Process-controlled Enzymatic Hydrolysis (PEH)
The degree and rate of degradation of substrates in the biogas process are strongly dependent upon the chemical structures of the materials involved. Whereas fats, proteins, and starch are very rapidly and almost completely transformed into biogas, the fibrous components, and especially the cellulose fraction, pose a challenge for biogas generation. On the one hand, the structure of the cellulose fibres hinders enzymatic hydrolysis; on the other hand, the conditions typically encountered in a biogas digester (pH value, temperature) are unfavourable for cellulolytic enzymes and significantly reduce their activity. Fibrous plant components are consequently degraded only slowly and incompletely in biogas plants.
Against this backdrop, PFI Biotechnology has developed a special pre-hydrolysis process to substantially increase the degree and rate of degradation of the fibrous components. In process-controlled enzymatic hydrolysis (PEH) the biomass is pretreated in a specially designed hydrolysis vessel before it reaches the biogas digester. Optimum pH and temperature condition for the activity of hydrolytic enzymes are maintained in this controlled and sensor-monitored process. After thorough laboratory and pilot-scale testing, the process is currently undergoing full-scale trials (see also Development).
Thermal Pressure Hydrolysis (TPH)
Use of lignified biomass requires the application of further pretreatment processes, especially if sugar-enriched hydrolysates are to be provided for fermentation.
Here PFI Biotechnology is working hard on a hydrothermal pretreatment process, known as Thermal Pressure Hydrolysis (TPH). The hemicellulose fraction of lignified substrates (such as straw) is extensively hydrolysed in a special batch process and the lignocellulose prepared for subsequent enzymatic hydrolyse (see also Development).
Lignocellulose: is the most widely distributed of all naturally occurring organic materials and is the primary building block of plant cell walls. The three major components of lignocellulose are: cellulose, hemicellulose, and lignin. These three biopolymer structures are together responsible for the stability of plant materials. For example, the pronounced durability of wood is attributable to these substances.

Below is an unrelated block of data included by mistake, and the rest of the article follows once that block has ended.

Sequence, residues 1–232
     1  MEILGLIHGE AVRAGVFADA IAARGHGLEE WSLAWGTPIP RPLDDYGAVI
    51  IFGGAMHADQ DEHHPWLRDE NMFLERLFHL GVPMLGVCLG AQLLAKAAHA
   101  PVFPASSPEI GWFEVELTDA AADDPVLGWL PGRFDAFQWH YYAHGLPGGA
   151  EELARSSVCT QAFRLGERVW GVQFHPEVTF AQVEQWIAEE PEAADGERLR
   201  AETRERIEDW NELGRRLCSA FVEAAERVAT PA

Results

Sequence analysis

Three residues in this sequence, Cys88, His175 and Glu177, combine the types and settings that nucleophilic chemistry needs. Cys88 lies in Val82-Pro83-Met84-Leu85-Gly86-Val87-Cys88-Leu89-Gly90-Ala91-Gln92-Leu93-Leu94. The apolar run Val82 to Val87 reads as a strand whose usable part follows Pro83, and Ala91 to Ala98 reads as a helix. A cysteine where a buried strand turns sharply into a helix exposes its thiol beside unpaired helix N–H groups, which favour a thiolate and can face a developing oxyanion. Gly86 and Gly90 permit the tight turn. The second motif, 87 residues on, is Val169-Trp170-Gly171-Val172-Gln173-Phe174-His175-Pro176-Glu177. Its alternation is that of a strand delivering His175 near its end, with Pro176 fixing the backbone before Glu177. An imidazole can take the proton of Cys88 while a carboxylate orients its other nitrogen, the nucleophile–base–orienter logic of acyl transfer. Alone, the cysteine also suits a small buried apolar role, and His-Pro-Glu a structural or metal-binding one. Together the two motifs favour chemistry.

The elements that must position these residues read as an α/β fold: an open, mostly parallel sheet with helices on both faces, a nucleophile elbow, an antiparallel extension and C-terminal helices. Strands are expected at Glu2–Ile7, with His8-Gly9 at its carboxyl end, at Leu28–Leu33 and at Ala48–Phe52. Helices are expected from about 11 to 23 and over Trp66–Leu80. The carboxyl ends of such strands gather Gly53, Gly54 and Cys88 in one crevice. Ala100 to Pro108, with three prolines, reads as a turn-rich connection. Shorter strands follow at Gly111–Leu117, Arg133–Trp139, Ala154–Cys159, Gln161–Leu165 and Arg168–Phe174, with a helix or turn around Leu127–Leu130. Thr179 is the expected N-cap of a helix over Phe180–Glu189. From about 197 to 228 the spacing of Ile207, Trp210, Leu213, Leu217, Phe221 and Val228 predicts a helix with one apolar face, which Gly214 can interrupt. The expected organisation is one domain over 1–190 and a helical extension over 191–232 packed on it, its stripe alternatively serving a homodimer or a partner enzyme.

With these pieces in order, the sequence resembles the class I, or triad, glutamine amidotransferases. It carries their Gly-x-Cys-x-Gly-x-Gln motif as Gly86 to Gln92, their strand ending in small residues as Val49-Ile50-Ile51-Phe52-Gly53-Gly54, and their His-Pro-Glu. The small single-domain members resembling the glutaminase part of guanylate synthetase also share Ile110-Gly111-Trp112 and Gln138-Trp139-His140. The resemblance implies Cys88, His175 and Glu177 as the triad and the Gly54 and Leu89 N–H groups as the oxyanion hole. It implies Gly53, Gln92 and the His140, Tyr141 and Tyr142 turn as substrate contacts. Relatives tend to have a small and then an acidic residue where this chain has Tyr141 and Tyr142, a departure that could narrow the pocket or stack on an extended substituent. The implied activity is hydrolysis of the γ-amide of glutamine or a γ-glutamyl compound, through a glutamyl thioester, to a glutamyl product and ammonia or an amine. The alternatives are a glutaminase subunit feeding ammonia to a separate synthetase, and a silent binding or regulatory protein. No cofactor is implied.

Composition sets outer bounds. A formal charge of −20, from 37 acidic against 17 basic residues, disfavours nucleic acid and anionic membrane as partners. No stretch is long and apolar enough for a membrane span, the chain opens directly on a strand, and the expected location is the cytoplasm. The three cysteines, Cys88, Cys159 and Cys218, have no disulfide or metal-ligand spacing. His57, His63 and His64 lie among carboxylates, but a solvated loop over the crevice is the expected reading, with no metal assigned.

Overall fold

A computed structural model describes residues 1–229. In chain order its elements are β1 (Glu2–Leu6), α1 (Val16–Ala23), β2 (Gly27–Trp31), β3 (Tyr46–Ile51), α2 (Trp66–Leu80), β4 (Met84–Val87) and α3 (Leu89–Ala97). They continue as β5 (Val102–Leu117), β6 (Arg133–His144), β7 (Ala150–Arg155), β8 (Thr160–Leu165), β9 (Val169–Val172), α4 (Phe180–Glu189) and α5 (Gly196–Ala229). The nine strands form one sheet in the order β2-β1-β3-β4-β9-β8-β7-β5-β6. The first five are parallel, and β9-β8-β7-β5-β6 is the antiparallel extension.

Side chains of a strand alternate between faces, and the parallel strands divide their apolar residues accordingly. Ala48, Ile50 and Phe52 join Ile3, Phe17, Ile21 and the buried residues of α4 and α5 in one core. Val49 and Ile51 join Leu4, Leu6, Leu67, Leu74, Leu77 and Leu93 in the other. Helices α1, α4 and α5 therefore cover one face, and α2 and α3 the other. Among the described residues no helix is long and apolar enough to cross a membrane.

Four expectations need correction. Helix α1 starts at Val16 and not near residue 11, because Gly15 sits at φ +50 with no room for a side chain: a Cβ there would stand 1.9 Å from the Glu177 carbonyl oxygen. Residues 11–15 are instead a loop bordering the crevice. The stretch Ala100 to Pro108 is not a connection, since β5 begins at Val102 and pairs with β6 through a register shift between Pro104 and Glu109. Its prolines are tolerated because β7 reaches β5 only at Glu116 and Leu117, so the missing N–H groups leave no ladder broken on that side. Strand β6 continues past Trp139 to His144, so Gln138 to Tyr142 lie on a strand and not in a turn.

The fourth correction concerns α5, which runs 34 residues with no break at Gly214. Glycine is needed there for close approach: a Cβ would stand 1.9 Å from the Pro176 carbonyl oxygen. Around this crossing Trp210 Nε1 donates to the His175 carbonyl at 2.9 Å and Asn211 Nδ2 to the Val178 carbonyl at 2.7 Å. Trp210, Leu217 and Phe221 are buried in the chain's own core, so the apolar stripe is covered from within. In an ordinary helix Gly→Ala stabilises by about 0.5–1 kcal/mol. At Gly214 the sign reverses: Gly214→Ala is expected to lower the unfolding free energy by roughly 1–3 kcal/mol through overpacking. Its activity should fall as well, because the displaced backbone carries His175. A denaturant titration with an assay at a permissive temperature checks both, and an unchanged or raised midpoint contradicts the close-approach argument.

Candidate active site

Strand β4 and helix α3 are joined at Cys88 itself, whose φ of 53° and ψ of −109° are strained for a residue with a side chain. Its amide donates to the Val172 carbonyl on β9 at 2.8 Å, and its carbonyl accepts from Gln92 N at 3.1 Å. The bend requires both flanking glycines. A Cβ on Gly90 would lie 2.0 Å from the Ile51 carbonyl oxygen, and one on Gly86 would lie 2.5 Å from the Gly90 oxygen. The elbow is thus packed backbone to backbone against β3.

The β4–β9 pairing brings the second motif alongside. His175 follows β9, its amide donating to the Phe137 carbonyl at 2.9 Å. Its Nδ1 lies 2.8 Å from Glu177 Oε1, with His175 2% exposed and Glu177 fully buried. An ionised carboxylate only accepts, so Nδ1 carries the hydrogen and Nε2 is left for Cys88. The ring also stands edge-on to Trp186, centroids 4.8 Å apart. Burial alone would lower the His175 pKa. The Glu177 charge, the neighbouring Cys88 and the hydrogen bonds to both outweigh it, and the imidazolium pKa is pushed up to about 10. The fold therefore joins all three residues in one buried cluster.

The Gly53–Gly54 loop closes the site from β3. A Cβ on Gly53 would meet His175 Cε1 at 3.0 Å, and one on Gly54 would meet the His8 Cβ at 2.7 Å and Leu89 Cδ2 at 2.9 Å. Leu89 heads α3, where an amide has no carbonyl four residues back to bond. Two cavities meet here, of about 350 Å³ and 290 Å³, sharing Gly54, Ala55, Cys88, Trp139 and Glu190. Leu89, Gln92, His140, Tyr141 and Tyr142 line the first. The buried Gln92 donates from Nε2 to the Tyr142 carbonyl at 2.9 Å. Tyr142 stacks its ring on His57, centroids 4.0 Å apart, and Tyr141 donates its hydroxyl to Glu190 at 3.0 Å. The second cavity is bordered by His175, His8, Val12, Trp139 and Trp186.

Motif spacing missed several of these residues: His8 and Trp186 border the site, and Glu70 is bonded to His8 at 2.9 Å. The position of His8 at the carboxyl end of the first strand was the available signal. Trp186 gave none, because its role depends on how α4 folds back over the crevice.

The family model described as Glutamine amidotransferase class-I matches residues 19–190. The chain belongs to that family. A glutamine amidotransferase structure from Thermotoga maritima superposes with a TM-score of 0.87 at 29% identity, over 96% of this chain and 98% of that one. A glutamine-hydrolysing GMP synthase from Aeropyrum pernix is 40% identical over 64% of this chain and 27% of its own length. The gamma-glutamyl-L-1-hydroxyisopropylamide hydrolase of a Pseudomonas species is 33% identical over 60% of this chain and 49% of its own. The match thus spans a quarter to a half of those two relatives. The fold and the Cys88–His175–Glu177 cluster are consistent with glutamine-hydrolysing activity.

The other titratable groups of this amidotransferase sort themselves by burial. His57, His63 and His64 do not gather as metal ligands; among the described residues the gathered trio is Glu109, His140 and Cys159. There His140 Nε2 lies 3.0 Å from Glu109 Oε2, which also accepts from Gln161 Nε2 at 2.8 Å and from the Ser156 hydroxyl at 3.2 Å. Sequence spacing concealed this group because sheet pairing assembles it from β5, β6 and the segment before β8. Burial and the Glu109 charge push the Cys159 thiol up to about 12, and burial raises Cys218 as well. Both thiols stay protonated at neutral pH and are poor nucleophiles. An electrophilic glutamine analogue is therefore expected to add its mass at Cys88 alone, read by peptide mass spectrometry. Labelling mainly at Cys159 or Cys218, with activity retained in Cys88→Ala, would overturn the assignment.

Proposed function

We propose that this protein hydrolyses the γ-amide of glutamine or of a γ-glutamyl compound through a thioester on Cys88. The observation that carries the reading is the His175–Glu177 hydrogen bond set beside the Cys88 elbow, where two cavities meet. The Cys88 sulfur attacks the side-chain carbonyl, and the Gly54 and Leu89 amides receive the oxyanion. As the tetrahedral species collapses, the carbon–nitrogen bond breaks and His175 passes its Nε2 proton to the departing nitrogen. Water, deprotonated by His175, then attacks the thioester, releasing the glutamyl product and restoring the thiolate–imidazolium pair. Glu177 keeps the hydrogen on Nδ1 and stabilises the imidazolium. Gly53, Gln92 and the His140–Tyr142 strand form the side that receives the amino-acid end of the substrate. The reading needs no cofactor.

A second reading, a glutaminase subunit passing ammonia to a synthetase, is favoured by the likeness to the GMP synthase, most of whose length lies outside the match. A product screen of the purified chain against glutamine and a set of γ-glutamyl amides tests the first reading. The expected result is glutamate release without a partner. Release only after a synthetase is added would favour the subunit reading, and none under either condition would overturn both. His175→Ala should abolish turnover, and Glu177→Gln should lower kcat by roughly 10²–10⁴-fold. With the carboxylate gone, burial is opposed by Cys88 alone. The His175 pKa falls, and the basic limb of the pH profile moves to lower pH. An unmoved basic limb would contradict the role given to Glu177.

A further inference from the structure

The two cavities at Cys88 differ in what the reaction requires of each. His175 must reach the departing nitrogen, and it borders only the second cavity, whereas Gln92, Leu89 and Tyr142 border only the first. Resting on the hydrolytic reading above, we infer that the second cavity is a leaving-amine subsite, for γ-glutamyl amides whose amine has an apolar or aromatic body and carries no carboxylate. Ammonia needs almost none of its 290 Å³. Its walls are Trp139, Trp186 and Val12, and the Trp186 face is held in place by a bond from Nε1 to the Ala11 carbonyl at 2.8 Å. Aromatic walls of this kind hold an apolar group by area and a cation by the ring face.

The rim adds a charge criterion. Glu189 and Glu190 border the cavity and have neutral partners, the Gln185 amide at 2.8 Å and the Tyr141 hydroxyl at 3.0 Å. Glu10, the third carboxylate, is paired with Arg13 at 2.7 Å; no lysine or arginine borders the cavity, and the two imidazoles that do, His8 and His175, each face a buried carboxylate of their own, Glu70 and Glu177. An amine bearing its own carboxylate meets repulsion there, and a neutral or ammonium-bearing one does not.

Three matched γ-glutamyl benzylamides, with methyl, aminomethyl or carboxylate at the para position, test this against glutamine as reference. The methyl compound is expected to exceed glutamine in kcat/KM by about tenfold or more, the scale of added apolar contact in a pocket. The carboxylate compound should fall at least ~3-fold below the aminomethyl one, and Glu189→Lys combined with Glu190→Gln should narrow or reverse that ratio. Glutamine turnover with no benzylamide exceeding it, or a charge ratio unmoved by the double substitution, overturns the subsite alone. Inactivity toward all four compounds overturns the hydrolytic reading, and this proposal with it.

Above all, lignin is particularly stable and protects plant structures against microbial degradation. However, it is precisely this persistence which hinders the biotechnolocal transformation of lignocellulose into chemical raw materials, fuels (2G), energy, etc.
Sustainable conversion of lignocellulose requires mixtures of enzymes which hydrolyse cellulose and hemicellulose into their component sugars. At present these enzymes are very costly to produce. Industrial-scale implementation of the processes is therefore currently uneconomical.
2G Fuels: Biofuels – i.e. fuels derived from biomass – can nowadays be divided into two categories: If substrates containing sugar or starch, e.g. maize or sugar cane, are used in their production, they are described as 1st generation (1G) biofuels. Such 1G fuels are comparatively easy to produce and are manufactured on an industrial scale, for example in the USA and Brazil (bioethanol). However, their popularity is steadily declining because the land used for growing fuel crops cannot be used for cultivation of food crops.
Intense research is therefore being conducted on the production of fuels from residual biomass such as straw. Residual biomass consists mainly of lignocellulose and is not suitable for consumption as food or animal feed. Fuels derived from lignocellulose are designated as 2nd generation (2G) fuels. Their industrial production is currently very expensive. The main cost drivers are the enzymes used in their production process (see lignocellulose).